One of the most wonderful things Vilma made was thinly sliced eggplant marinated in garlicky vinegar. She’d leave a jar of it in the fridge when she left, and we would savour it for a week on our sandwiches or with our mushy, flavourless boiled vegetables.
I foolishly never asked Vilma for the recipe, but a bit of trial and error was all it took to recreate Vilma’s marinated eggplant.
This recipe mostly fills a quart-sized jar. It keeps for a long time in the fridge and makes a lovely addition to sandwiches. Serve it on crackers for party appetisers—it’s not the prettiest food, but after one bite, none of your guests will care.
2 small to medium eggplants
1 clove garlic, crushed
½ cup red wine vinegar
½ cup extra virgin olive oil
salt and pepper to taste
Peel eggplants and slice very thin (1-2 mm). Steam until the slices are tender and limp (but not falling apart completely). Whisk all the other ingredients together in a small bowl, and toss them gently with the hot steamed eggplant. Refrigerate at least an hour before serving (the longer the better, as the eggplant will soak up more marinade).
Our summer has finally turned to autumn. Cooler temperatures and more rain mean the grass has begun to grow again, green shoots sprouting through rain-driven drifts of dead vegetation.
The tomatoes are browning, spent after summer’s excess, and while I mourn their loss, I welcome the fruits of autumn—pumpkin, wild boletes, black beans, apples and a return of leafy greens. I welcome warming soups and casseroles. I welcome the smell of baking pie, simmering beans, and sautéing mushrooms.
I welcome the reduced workload in the garden, too. There’s still plenty of harvesting to be done, and I’ll be clearing away dead plants throughout autumn and winter, but soon I’ll release the chickens into the garden to keep the weeds and pests in check until spring.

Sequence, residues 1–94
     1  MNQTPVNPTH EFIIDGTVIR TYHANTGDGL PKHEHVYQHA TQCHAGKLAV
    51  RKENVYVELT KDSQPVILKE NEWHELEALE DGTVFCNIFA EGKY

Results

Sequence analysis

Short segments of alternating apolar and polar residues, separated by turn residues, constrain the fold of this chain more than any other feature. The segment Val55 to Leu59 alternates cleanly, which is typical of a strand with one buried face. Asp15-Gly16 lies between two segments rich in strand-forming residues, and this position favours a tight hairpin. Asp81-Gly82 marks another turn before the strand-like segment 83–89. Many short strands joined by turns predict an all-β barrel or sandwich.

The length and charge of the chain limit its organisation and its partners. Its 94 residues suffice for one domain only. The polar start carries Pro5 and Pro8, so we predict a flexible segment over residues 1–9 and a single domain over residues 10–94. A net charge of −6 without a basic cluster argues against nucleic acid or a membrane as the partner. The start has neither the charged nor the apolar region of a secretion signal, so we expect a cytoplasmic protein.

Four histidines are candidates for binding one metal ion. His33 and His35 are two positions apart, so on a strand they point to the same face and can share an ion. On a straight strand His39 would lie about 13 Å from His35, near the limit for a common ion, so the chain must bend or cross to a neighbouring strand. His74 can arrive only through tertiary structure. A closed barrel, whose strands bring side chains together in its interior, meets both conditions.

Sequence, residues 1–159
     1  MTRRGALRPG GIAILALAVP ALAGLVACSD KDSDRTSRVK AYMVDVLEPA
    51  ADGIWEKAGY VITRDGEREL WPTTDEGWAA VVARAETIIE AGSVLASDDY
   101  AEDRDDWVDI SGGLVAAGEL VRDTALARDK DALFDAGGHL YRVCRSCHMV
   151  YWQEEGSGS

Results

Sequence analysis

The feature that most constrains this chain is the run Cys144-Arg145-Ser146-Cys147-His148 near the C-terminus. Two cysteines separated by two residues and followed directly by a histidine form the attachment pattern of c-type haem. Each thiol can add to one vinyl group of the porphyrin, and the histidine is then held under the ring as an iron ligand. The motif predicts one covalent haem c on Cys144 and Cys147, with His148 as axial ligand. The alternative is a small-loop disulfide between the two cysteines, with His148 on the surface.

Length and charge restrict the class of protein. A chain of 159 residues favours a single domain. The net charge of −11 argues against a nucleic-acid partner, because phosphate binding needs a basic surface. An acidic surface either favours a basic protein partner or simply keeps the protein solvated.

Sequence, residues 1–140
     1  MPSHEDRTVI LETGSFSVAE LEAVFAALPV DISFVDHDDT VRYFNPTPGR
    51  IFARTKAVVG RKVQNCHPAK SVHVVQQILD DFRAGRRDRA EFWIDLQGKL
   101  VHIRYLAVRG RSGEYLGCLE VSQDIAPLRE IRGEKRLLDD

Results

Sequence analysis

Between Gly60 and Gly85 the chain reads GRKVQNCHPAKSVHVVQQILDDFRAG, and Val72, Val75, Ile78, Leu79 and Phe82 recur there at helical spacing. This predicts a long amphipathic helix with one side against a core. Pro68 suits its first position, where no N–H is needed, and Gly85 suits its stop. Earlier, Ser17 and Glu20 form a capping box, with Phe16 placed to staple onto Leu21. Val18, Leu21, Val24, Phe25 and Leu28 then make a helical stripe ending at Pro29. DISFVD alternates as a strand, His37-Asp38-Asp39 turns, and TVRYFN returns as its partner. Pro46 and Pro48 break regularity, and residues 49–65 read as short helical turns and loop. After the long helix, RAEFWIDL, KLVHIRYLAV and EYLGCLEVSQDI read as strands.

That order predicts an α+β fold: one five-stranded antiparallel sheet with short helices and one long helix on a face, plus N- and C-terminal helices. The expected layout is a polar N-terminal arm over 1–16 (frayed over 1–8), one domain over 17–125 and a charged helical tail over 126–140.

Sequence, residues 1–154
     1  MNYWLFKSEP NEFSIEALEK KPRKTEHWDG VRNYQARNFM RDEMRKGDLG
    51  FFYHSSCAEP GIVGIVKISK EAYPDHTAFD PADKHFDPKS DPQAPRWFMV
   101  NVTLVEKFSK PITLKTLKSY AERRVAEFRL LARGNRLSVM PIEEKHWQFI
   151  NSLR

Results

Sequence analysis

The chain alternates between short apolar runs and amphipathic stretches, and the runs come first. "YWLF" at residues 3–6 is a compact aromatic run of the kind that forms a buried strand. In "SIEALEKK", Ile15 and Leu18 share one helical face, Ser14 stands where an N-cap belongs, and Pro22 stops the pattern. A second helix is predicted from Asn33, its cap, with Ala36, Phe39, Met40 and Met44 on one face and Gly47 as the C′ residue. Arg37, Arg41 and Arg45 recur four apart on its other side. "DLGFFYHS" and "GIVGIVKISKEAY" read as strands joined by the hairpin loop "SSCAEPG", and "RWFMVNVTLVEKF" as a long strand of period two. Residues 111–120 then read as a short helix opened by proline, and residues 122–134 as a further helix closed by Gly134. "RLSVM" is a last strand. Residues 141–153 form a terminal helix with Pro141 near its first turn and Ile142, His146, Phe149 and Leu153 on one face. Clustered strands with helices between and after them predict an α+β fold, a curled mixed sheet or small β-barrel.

It’s time now to take stock. Plenty of summer soup, pickles and jam in the cupboard; strings of onions and garlic hanging in the kitchen; pesto, peas and corn in the freezer. Jars of popcorn and dry beans line the shelf, and a basket of apples sits in the kitchen. We will eat well this winter, food and effort stored in jars and freezer boxes to be released and enjoyed on dark, cold evenings.
So I will savour the warmth and sun that remains, but embrace the cold to come.
Late summer is harvest time for all sorts of crops. Nigella might be the most unusual one I harvested this week.
Nigella sativa goes by many names: nigella, kalonji, black cumin, fennel flower, nutmeg seed, onion seed, and black caraway. Added to this mess of often misleading names is Nigella sativa’s ornamental cousin, Nigella damascena, also known as nigella (or love-in-a-mist). You could be forgiven for being confused.
Culinary nigella is a lovely aromatic seed that looks confusingly like onion seed. Its flavour has been described as oniony or oregano-like. I’m not sure how I would describe it—I suppose onion and oregano come close, but the truth is it has its own warm rich flavour. It is traditionally used in naan and string cheese. It’s also apparently great with lentils and other legumes.
Because we rarely harvest much nigella, we’ve only used it in naan, where it imparts a lovely savoury note to the bread.
But this year, conditions must have been just right for nigella; it grew luxuriantly. Consequently, I have a huge quantity of seeds, so I expect we’ll be trying it out in all sorts of stews and curries. I’m looking forward to the addition to our spicing options.
Blue peas, purple potatoes, green beans, yellow zucchini, red tomatoes, orange carrots … The summer garden is full of colour. But it’s not just a feast for the eyes.
In the garden, the colours can serve a purpose—black and yellow tomatoes and red lettuce are overlooked by birds and bugs because they’re not the ‘right’ colours. Blue peas have tough pods that resist birds. And purple basil deals better with dry heat than green.
In the kitchen, the colours create spectacular visual treats—purple mashed potatoes, deep orange braised carrots, bright green pesto, pasta studded with all the colours of the rainbow. Along with the colours come flavours not found in supermarket produce—the rich sweet-tart of an Indigo Apple tomato, the succulent crunch of Scarlet Runner beans, the smooth earthiness of a Zephyr zucchini, the nutty bitter of a Touchon carrot.
A few years ago there was a campaign here to get kids to eat more vegetables. The main message was “Eat your colours.” I agree. Eat your colours. Revel in them. Feast your eyes and your taste buds.